Academic journal article The Economic and Labour Relations Review : ELRR

Welfare Reform, Work and the Labour Market

Academic journal article The Economic and Labour Relations Review : ELRR

Welfare Reform, Work and the Labour Market

Article excerpt

1. Introduction

There is a certain irony in the fact that at a time when western industrial economies were in the midst of the longest post-war period of economic growth, attention focused on the limitations of the social security (or welfare) system. Governments, for long prepared to tolerate rising income inequality as the price to be paid for increased reliance on factor market flexibility and market forces, saw joblessness and the unequal distribution of (paid) work as requiring a policy response.

Although unemployment fell noticeably during the 1990s in some OECD countries, including Denmark, Ireland, the Netherlands, New Zealand, Norway the UK and the US, elsewhere it either fell only modestly or actually increased. For the OECD as a whole, the unemployment rate is projected to fall by less than one percentage point between 1997 and 2001 despite average growth over the period of around 3 per cent a year (OECD, 2000). The decline of unemployment in countries such as the UK, US and New Zealand has been accompanied by substantial rises in income inequality (Smeeding, 2000; Easton, 2000).

2. Unemployment and Inequality

Considerable attention has focused on increasing inequality (particularly in the US), yet as Nobel Prize winner Amartya Sen has pointed out, inequality in the US income distribution must be seen in the context of its low unemployment rate relative to Europe (Sen, 1999). Others have argued that the simple dichotomy underlying this position, between a flexible US labour market that delivers low unemployment and a rigid European labour market associated with high unemployment is inadequate as a general explanation (Nickell and Bell, 1996). While some labour marker rigidities associated with the welfare system can create unemployment, others do not (Nickell, 1997). In Australia, the issues raised by this debate have been promoted by release of the McClure Welfare Review. The report cites inequities in the distribution of work as an issue to be addressed, but makes no explicit reference to the need to reduce inequality in the distribution of income (Reference Group on Welfare Reform, 2000).

Has the combination of globalisation and technological change given rise to a new trade-off between inequality and unemployment? Or is it simply that an ex ante rise in inequality is the trigger for falling unemployment and declining ex post inequality? What has happened to the traditional argument that low unemployment is not only inherently desirable, but is also an effective way to reduce poverty and inequality? Is the only realistic path to lower unemployment for a country like Australia to follow the US and accept rising inequality as inevitable during the transition--and possibly also beyond it?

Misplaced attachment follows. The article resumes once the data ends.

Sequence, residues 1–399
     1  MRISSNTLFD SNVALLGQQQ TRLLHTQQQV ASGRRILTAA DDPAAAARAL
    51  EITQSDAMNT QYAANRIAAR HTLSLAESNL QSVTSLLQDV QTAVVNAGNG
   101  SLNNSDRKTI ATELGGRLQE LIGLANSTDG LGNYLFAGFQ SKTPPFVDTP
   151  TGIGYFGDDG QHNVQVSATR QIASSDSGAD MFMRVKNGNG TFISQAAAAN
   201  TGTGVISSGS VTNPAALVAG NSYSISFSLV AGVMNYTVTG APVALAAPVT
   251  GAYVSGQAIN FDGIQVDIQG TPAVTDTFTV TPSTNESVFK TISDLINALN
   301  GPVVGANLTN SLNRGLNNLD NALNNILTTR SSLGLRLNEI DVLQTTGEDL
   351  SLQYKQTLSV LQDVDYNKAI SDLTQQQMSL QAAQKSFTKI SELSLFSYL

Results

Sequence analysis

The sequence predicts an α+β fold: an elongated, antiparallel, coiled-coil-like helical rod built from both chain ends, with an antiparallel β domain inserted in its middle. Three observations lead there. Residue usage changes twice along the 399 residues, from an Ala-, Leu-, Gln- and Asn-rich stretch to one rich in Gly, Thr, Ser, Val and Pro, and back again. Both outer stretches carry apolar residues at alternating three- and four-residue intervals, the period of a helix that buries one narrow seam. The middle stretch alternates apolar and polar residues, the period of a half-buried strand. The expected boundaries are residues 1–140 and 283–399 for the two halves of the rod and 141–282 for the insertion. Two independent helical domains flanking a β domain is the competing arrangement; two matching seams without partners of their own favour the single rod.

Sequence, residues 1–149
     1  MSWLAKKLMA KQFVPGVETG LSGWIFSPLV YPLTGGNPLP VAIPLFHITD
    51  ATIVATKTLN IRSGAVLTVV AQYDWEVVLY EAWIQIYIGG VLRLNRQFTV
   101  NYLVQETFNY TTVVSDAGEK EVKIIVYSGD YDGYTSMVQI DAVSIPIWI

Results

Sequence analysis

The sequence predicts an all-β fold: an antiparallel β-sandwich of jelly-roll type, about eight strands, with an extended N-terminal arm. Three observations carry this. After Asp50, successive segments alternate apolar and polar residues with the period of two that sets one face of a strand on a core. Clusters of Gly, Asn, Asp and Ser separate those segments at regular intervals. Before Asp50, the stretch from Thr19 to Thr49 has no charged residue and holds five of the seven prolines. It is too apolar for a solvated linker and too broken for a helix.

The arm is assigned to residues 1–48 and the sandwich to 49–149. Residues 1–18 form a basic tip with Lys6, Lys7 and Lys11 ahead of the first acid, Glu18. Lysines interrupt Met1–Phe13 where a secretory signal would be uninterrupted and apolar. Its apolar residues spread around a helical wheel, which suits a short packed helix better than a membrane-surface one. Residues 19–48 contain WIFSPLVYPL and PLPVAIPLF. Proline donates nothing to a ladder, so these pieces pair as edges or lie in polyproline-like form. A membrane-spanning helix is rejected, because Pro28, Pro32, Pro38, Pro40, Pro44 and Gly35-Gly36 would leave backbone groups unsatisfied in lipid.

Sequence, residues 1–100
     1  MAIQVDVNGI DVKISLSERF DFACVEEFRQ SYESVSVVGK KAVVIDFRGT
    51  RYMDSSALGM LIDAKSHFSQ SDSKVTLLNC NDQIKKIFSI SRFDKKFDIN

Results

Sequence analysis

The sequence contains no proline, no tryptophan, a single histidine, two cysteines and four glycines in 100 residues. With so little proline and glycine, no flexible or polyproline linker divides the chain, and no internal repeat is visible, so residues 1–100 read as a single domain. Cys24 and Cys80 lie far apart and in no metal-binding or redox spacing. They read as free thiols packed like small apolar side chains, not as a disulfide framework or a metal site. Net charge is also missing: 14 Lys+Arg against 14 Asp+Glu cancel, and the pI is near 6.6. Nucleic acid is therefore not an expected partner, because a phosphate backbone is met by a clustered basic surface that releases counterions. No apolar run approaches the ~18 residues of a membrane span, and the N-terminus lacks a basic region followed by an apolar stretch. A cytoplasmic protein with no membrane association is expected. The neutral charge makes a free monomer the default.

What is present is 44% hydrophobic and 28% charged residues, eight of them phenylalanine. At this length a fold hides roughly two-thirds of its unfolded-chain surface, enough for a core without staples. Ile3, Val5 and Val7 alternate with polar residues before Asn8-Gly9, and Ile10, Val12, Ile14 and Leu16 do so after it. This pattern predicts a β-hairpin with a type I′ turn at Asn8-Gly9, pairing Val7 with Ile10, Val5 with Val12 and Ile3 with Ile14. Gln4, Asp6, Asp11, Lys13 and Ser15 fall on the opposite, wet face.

I think not. A recent study of the rise in US income inequality in the 1990s reveals the extent of the US distributional shift and highlights the factors that are driving it (Mishel, Bernstein and Schmitt, 1999). Across the middle and lower sections of the American income distribution, the main culprit has been declining wages. Real hourly wage rates fell for the bottom 70 per cent of US workers between 1979 and 1989, while wages were flat or falling for the bottom 80 per cent of workers between 1989 and 1997. These changes resulted in a decline in real median earnings and a rise in median family income of less than US$300. In contrast, executive salaries have soared, increasing on average from 20 times those of the average production worker in 1965 to 116 times as high by 1997. In other words, by the end of the 1990s, it took the average US executive around two days to earn what the average American production worker earns in a year.

Most of the overall rise in US inequality reflects what employers have been putting into pay packets, not what the government has taken out. However, taxation has played a major role at the top of the distribution. The wealthiest one per cent of US families experienced a decline in their annual tax bill of almost US$37,000 between 1977 and 1995 as a result of changes in US tax laws--a trend that newly-elected President Bush seems set to continue. …

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